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From "Stefan Guggisberg" <stefan.guggisb...@gmail.com>
Subject Re: Jackrabbits own FileSystem and unit tests
Date Wed, 30 Aug 2006 16:10:08 GMT
On 8/30/06, Christoph Kiehl <kiehl@subshell.com> wrote:
> Stefan Guggisberg wrote:
>
> >> There are already working solutions for 2. and 3. So, as you wrote,
> >> the right
> >> way would be to refactor jackrabbits core to use an own storage. This
> >> could even
> >> be the current FileSystem, while this FileSystem lacks a proper locking
> >> mechanism which probably could be added.
> >
> > locking is imo not required in the jr FileSystem abstraction since jr
> > (or the
> > relevant subcomponent) *owns* the file system.
>
> With locking I meant the ".lock" file jr creates on startup
> (RepositoryImpl.acquireRepositoryLock). This file is created using java.io and
> java.nio. If we could abstract this functionality into FileSystem there would be
> no need for jr to access the filesystem directly to create a ".lock" file.
>
> >> Would that work? The mentioned persistence managers could still use an
> >> own
> >> instance of the Jackrabbit FileSystem, while they might be better off
> >> to use the
> >> file system directly. I mean there is no sense in telling an XML
> >> persistence
> >> manager to use memory or database based FileSystem. You could as well
> >> exchange
> >> the persistence manager for a memory or database persistence manager.
> >
> > i disagree. you might e.g. want to use the XMLPersistenceManager on a
> > DbPersistenceManager.
>
> You probably mean "on a Db_FileSystem_", don't you? I still don't think it's a

yup, i meant DbFileSystem

> good idea to do this, because you probably won't get a good performance using
> this constellation. But if someone really needs it ...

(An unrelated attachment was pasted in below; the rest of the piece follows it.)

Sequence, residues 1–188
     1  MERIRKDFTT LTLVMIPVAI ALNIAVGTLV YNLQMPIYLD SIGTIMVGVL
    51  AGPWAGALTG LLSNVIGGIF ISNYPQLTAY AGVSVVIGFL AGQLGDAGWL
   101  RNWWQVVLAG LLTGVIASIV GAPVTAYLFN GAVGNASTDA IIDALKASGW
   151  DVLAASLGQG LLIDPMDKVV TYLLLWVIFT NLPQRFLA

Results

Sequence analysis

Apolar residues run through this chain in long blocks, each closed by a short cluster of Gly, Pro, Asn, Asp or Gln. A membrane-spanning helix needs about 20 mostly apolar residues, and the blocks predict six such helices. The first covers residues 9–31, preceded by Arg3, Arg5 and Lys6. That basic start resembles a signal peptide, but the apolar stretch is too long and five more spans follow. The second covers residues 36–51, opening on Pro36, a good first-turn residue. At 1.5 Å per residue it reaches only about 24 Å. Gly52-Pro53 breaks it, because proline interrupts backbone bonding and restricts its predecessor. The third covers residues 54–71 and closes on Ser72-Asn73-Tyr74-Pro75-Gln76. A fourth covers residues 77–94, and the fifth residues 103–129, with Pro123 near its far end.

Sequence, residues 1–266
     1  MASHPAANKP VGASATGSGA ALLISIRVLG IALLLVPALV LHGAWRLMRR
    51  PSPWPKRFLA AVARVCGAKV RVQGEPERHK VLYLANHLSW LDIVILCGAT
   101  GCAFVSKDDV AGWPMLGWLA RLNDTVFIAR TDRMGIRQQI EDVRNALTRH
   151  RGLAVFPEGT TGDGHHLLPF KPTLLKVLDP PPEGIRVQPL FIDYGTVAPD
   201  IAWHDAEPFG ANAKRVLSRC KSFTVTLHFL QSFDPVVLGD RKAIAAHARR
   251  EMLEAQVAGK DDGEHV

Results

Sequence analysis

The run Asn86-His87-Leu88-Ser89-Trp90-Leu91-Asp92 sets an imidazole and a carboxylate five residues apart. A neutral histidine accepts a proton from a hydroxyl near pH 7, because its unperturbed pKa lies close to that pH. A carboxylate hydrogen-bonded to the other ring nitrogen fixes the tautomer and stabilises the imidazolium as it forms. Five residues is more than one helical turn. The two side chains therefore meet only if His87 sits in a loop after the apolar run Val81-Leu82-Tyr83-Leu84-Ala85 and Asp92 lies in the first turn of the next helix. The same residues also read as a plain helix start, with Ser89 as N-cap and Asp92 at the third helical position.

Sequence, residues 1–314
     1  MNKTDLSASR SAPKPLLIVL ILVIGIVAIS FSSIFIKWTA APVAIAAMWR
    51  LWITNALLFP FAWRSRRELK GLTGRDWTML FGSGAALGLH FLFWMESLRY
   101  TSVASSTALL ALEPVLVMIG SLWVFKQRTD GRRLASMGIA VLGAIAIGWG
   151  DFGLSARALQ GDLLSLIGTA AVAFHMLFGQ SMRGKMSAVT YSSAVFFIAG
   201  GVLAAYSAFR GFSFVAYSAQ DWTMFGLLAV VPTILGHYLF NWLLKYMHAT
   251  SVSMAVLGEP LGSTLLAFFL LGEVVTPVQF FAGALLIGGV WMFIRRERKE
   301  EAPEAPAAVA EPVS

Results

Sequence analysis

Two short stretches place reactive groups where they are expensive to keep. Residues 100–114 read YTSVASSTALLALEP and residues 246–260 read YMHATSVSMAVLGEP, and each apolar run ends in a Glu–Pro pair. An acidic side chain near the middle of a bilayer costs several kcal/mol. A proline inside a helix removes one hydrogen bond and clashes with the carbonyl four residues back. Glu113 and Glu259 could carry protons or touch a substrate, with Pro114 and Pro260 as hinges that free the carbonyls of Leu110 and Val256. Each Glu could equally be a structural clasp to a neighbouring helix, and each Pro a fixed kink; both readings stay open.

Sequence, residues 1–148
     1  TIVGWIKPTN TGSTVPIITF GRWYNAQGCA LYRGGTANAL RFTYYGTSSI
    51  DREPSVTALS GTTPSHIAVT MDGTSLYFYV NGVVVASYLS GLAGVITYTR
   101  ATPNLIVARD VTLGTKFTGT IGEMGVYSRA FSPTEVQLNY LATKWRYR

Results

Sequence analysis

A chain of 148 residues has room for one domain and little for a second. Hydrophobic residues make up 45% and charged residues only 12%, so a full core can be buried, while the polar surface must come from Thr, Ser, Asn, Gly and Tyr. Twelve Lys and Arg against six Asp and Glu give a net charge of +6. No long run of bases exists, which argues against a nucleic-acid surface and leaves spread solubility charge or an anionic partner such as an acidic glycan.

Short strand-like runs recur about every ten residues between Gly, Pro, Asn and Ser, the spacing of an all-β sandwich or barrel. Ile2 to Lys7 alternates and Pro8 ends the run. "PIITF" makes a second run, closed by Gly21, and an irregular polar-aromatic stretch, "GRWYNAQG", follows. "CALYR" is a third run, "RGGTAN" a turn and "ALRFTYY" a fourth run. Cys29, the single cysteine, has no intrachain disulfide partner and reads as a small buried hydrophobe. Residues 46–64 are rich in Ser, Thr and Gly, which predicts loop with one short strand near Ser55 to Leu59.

>
> > there are imo 3 issues which make it currently impossible to run jr
> > exclusively in memory, i.e. without leaving any traces on the disk:
> >
> > 1. there's obviously an issue with the InMemPersistenceManager;
> >   it uses a LocalFileSystem to persist blob's even with 'persistent=false'
> >
> >   feel free to open a jira issue for this.
>
> Ok, I will open a ticket.
>
> > 2. lucene doesn't use the jr FileSystem abstraction (there are valid
> > reasons
> >    for this and they were explained on the mailing list).
> >
> >    you seem to have found a workaround for this. another option could
> > perhaps
> >    be to disable SearchIIndex entirely.
>
> But which component should do the queries? Or would you implement a QueryHandler
> which simply traverse all nodes to get query results (performance?)? For me
> using a lucene RAMDirectory is okay. I already added a parameter "persistent" to
> SearchIndex which creates a PersistentIndex based on a RAMDirectory if set to
> "true". I would be glad to provide a patch.
>
> > 3. there's currently no InMemFileSystem available in jr. since you wrote
> > one
> >    we'd be very interested if you'd consider contributing it ;-)
>
> I implemented a very simple one based on a Map just to get something working.
> But I would be happy to contribute it if there is demand.
>
> > with the above 3 issues resolved it should imo be possible to run
> > jackrabbit
> > entirely in memory.
>
> If I do a search for java.io.File in jackrabbit core I found it to be used e.g. in:
>
> SessionImpl.createAccessManager()
> RepositoryConfig.init()
> RepositoryConfig.internalCreateWorkspaceConfig()
>
> I think these occurrences have to be eleminated as well to make jackrabbit run
> entirely in memory. Am I wrong?

yes ;-)

re:  SessionImpl.createAccessManager()

jr does have a 'physical' home directory. i don't think that we should change
that. that doesn't necessarily mean that any files are written to that
directory.

the other references to java.io.File are within conditional blocks which are
never executed, depending on your configuration.

cheers
stefan

>
> Cheers,
> Christoph
>
>

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